The Living Wage Foundation has today announced new rates for the ‘real’ Living wage of £9.50 per hour and a higher rate of £10.85 in London. The Government’s so-called ‘National Living Wage’ is currently £8.72, with lower National Minimum Wage rates for younger workers.
Paddy Lillis – Usdaw General Secretary says:
“If ever there was a year that low-paid workers deserved a pay rise it’s 2020. Many of the key workers who have helped us through this appalling pandemic earn less than the real Living Wage. While claps on a Thursday were welcomed and appreciated, they don’t pay the rent or put food on the table. So we welcome the new Living Wage rates, which are based on an individual’s cost of living and clearly show that the Government’s so-called ‘National Living Wage’ is nothing of the sort.
“Usdaw has consistently campaigned for at least £10 per hour for all workers over 16, which would abolish rip-off youth rates. If you’re old enough to do the job, you’re old enough to be paid the rate for the job. As a result of our efforts, youth rates no longer exist in companies like Tesco, Sainsbury’s, Co-op and Morrisons.
“As recognised by the Living Wage Foundation’s ‘Living Hours’ campaign, improving hourly pay alone is not enough. We need to look at security of employment, availability of hours and guaranteed contracts, to ensure workers have a weekly income that they can live on. That is why Usdaw is campaigning for a New Deal for Workers to help ensure that our coronavirus recovery delivers workplace fairness.
“We are expecting the Low Pay Commission to announce their recommendations for next year’s minimum wage rates anytime soon and we hope they will follow the example of the Living wage Foundation. Usdaw is calling for a rise in line with the commitment to two-thirds of median earnings, which should be seen as the minimum required to recognise the outstanding contributions of our key workers.
“It is now time for the Government to recognise that too many workers have been undervalued for too long. We need a new deal for the workers.”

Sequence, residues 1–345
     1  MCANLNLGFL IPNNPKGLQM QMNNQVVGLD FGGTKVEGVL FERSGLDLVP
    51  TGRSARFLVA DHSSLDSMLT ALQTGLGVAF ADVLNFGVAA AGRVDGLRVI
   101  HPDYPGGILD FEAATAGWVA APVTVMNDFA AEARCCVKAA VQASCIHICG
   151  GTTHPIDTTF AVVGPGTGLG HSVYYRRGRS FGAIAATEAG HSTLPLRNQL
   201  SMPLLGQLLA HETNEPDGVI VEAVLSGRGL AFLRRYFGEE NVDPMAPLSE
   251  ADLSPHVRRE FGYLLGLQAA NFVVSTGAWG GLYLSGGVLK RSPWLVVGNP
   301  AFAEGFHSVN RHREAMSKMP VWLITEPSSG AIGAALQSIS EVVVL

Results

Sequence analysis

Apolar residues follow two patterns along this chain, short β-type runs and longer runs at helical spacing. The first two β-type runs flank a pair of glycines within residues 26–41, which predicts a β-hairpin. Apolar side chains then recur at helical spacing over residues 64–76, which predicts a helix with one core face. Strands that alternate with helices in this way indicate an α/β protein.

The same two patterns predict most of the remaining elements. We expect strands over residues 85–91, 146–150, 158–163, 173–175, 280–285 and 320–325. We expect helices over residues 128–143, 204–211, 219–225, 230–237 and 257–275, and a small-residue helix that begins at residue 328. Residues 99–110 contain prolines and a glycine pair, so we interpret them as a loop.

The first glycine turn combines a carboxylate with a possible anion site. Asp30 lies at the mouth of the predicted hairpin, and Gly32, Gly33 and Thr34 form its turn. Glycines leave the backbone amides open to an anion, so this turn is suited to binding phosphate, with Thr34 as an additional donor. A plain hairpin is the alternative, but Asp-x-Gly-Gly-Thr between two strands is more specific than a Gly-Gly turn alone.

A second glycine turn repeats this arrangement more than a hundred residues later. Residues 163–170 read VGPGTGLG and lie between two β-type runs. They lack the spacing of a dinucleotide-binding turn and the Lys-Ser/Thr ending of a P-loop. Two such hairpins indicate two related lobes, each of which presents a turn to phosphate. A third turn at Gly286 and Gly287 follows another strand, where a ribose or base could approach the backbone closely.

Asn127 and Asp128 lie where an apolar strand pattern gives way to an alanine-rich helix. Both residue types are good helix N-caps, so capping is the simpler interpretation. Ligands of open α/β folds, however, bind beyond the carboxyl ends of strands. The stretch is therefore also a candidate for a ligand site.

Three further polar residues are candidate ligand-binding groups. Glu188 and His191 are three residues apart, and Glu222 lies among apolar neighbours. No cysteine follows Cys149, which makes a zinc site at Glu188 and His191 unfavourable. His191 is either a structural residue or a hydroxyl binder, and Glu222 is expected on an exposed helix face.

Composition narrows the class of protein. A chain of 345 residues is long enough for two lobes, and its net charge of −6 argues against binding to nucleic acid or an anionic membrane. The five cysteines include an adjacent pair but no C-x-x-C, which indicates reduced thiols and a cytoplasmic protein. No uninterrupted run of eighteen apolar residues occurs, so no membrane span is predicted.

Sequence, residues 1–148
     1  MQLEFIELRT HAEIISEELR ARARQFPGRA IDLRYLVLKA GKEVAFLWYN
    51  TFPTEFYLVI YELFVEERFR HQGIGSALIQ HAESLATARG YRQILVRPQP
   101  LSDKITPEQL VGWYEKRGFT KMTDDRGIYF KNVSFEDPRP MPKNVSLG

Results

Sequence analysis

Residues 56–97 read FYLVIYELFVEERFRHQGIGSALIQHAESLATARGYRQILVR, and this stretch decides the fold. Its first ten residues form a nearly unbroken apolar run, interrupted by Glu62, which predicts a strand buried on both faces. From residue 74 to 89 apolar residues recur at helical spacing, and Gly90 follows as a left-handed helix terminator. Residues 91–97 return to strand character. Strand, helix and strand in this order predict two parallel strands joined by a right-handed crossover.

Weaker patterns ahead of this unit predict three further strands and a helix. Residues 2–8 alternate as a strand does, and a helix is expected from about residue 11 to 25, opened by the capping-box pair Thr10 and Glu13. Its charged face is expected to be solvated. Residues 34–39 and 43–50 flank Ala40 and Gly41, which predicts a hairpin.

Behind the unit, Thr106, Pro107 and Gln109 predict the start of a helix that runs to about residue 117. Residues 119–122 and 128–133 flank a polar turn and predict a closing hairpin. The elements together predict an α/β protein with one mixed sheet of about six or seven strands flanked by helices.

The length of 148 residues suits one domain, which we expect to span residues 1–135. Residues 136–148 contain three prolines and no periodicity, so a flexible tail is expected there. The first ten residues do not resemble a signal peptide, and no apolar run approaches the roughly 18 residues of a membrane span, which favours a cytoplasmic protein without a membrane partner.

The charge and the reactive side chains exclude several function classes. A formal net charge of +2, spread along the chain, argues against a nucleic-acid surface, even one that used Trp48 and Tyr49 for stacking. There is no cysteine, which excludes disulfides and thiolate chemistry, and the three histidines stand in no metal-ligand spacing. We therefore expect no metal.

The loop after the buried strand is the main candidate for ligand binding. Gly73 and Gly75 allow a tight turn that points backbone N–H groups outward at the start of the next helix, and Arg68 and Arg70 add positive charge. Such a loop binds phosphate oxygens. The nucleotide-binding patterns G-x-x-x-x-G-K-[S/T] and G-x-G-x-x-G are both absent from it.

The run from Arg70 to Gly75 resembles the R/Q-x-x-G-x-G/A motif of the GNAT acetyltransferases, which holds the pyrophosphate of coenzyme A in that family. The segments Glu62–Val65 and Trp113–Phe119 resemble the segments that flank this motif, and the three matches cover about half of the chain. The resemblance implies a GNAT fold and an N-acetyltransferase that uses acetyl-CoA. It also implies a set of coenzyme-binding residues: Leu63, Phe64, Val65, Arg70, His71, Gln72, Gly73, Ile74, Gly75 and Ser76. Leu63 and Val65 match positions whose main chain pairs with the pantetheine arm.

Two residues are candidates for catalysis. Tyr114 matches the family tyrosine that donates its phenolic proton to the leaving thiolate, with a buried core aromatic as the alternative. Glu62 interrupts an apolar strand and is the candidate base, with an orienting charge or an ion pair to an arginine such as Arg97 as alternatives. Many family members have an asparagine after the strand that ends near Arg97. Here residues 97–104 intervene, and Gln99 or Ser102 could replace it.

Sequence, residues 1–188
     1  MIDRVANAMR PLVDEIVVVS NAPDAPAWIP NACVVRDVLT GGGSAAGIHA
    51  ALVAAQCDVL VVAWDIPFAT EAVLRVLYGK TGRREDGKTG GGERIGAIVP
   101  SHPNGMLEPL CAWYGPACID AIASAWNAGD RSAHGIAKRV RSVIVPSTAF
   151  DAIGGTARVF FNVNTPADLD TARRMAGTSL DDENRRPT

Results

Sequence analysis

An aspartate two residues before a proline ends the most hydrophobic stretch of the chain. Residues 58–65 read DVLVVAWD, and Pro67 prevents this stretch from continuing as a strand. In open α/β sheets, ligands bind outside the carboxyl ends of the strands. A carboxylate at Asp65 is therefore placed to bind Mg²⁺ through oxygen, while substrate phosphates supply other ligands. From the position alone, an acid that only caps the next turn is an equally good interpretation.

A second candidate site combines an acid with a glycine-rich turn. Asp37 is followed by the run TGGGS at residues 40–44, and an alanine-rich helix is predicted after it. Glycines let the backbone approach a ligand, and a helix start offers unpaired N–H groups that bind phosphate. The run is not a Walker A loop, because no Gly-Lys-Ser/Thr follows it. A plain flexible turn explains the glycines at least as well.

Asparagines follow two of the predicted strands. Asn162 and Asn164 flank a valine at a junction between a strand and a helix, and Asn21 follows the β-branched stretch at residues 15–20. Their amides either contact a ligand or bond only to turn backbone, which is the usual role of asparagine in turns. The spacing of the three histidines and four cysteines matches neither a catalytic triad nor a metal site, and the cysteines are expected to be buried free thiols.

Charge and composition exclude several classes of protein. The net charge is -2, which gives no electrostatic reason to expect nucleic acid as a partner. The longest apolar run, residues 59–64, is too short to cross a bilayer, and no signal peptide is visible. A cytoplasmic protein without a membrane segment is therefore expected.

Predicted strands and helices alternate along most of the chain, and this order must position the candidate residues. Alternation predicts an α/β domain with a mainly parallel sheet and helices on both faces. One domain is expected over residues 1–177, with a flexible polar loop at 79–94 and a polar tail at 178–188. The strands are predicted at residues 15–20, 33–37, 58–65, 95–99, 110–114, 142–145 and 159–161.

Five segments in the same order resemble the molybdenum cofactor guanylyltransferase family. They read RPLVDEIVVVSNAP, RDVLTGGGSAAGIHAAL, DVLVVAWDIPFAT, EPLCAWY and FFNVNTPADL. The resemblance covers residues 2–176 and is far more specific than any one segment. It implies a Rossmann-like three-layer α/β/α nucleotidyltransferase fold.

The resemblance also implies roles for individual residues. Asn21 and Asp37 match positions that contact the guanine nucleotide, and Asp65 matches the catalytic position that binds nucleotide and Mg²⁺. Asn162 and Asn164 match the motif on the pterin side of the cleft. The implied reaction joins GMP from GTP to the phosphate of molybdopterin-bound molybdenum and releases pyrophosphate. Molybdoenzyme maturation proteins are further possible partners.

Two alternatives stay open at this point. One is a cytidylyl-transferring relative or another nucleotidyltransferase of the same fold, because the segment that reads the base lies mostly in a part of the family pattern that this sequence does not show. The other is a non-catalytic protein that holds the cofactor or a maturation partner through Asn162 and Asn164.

Usdaw’s New Deal for Workers
Notes for editors:
Usdaw (Union of Shop, Distributive and Allied Workers)
- £10 minimum wage for all workers, ending rip-off youth rates and providing a living wage.
- Minimum contract of 16 hours per week, for everyone who wants it, that reflects normal hours worked and a ban on zero-hour contracts.
- Better sick pay for all workers, from day one, at average earnings.
- Protection at work – respect for shopworkers, abuse is not a part of the job.
- A proper social security system, Universal Credit does not provide the necessary safety net.
- Job security, with day one employment rights for unfair dismissal and redundancy.
- Fair treatment and equality for all workers, including equal pay.
- A voice at work, stop rogue employers from refusing to engage with trade unions.
is the UK's fifth biggest trade union with over 400,000 members. Membership has increased by more than one-third over the last couple of decades. Most Usdaw members work in the retail sector, but the union also has many members in transport, distribution, food manufacturing, chemicals and other trades.
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